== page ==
Sucker Punch is straight up exploitation. There’s no winking here, or clever spins, or any of that. And that’s fine, to a point. Exploitation films have their own kind of value, and I get that. What bothers me isn’t so much the cute girls in skimpy outfits, but Snyder’s notion that women like me are supposed to find them empowering. As Jezebel’s Dodai Stewart put it: “Sucker Punch is a two-hour $82 million fetish film examining how hot sad schoolgirls look when holding weapons. Snyder should have just made a porn movie — it might have been better, and it definitely would have been cheaper and more honest.”
What’s frustrating about the sexism of Sucker Punch is that if Snyder really wanted to make a film that was more than pure exploitative fantasy, he could’ve easily done so. There is a way to show beautiful ladies fighting in a way that’s not exploitative – Buffy the Vampire Slayer is an obvious example of a girl who regularly beats people up, but also happens to be attractive. It’s also possible to take exploitation tropes and turn them on their head, as Quentin Tarantino did in Kill Bill. (Whether Kill Bill qualifies as feminist is a whole other line of discussion, but for now, suffice it to say it’s miles better than Sucker Punch in that department. And in most other departments, for that matter.)
So, what’s the difference between a badass female character and a lazy stereotype of a badass female character? The answer is simple, though you wouldn’t know it from the number of two-dimensional ladies Hollywood churns out every year: You give her an inner life, and you prioritize that inner life over her outer appearance. Your powerful female character doesn’t have to be ugly or dressed in frumpy clothes – go ahead, put her in stilettos and a push-up bra – but if her attractiveness to men is all there is to the character, she’s nothing more than an object.
Cowboy Bebop’s Faye Valentine makes a good example of how to write a conventionally sexy female character who’s more than just a conventionally sexy character. Not only is she physically perfect in that way that anime women so often are, her outfit is just as skimpy as the ones in Sucker Punch, and she wields a weapon every bit as well as Baby Doll. The difference is that Faye has a distinct personality, a history, an inner life. These make her a character you care about, even while you’re admiring how smoking hot she is.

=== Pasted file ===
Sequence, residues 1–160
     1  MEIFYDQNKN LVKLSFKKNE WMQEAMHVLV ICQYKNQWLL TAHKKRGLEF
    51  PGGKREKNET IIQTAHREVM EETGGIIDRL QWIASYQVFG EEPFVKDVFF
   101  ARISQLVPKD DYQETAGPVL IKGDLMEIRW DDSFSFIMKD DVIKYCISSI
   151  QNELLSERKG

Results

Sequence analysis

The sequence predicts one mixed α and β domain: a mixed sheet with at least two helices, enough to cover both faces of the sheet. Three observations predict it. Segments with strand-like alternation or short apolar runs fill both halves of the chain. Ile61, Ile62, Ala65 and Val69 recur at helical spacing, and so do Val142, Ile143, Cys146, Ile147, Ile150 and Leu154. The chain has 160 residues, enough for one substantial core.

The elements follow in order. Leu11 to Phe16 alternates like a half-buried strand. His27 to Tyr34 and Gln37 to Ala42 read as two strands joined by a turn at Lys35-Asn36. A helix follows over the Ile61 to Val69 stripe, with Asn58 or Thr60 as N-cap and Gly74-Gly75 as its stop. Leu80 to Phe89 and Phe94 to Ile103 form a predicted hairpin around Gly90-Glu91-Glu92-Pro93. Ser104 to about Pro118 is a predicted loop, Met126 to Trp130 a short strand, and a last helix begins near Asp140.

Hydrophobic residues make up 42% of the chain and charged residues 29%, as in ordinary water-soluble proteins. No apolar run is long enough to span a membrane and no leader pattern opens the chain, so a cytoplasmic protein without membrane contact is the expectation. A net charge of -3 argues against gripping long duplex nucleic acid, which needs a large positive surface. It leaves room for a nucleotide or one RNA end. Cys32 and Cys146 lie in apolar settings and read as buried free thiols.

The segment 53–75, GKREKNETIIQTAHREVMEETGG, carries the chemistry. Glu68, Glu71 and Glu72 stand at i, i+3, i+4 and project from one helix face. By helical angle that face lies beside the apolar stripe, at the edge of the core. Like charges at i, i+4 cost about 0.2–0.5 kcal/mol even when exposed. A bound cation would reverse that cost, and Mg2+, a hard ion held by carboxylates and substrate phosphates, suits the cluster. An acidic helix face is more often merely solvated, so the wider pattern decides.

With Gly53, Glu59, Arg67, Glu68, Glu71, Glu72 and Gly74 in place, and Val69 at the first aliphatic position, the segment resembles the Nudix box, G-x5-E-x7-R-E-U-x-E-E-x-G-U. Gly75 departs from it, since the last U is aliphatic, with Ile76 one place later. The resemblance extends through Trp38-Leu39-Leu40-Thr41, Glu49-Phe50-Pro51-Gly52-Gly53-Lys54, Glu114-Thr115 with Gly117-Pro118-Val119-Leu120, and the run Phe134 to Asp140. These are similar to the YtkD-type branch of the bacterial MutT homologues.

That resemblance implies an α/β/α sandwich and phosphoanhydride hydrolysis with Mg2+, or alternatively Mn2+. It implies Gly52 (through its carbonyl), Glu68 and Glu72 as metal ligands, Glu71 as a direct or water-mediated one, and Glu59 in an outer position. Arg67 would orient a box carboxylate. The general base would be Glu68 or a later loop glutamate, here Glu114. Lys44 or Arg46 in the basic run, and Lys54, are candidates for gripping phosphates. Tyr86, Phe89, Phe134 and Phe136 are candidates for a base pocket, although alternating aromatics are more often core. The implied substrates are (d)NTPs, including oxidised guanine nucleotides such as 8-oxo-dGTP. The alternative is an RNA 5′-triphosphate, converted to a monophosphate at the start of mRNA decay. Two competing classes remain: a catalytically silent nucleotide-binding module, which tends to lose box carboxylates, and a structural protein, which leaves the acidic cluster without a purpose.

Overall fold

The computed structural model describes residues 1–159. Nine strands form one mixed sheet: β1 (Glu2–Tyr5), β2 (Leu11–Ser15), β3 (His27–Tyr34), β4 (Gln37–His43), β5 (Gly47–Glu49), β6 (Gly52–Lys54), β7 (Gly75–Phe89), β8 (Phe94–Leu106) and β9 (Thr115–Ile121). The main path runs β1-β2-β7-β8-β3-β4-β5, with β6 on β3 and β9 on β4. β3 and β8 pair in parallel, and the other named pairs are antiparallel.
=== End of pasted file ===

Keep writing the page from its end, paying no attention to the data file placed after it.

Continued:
Likewise, though the women of Kill Bill are uncomplicated and supermodel-gorgeous, they showcase a physical and emotional power in a way that’s sadly absent from Sucker Punch. Even as we’re reveling in fantasies of chick fights and dragon ladies and naughty nurses, we’re admiring how strong the ladies of the Deadly Viper Assassination Squad are. Though their looks are a large part of the fun in watching them, there’s more to these women than surface appearances. As I pointed out earlier, Sucker Punch is only comfortable showing girls fighting when it’s in a second-level fantasy, and even then they have to look hot the whole time.
Of course, you can’t have your cake and eat it too. If Sucker Punch had deepened its characters, it wouldn’t work quite so well as the mindless, indulgent fantasy it is now. Part of the film’s appeal is undoubtedly its very brainlessness – you get to check your mind and emotions at the door, and just indulge your id for a couple of hours. You wouldn’t be able to do that as easily if you had to actually invest in the film and its characters. For my money, though, a Sucker Punch that featured real characters instead vaguely drawn archetypes would’ve made for a far more satisfying experience.
Sucker Punch isn’t the most misogynistic film out there – there are far, far worse. But it’s not progressive, either, and that’s why the argument that it’s “empowering” bothers me so much. If you want to revel in two hours of hot chicks in skimpy clothing fighting dragons and undead Nazis and shit, that’s your prerogative. Have fun with that, and enjoy it for what it is. But please don’t pretend I should be celebrating it.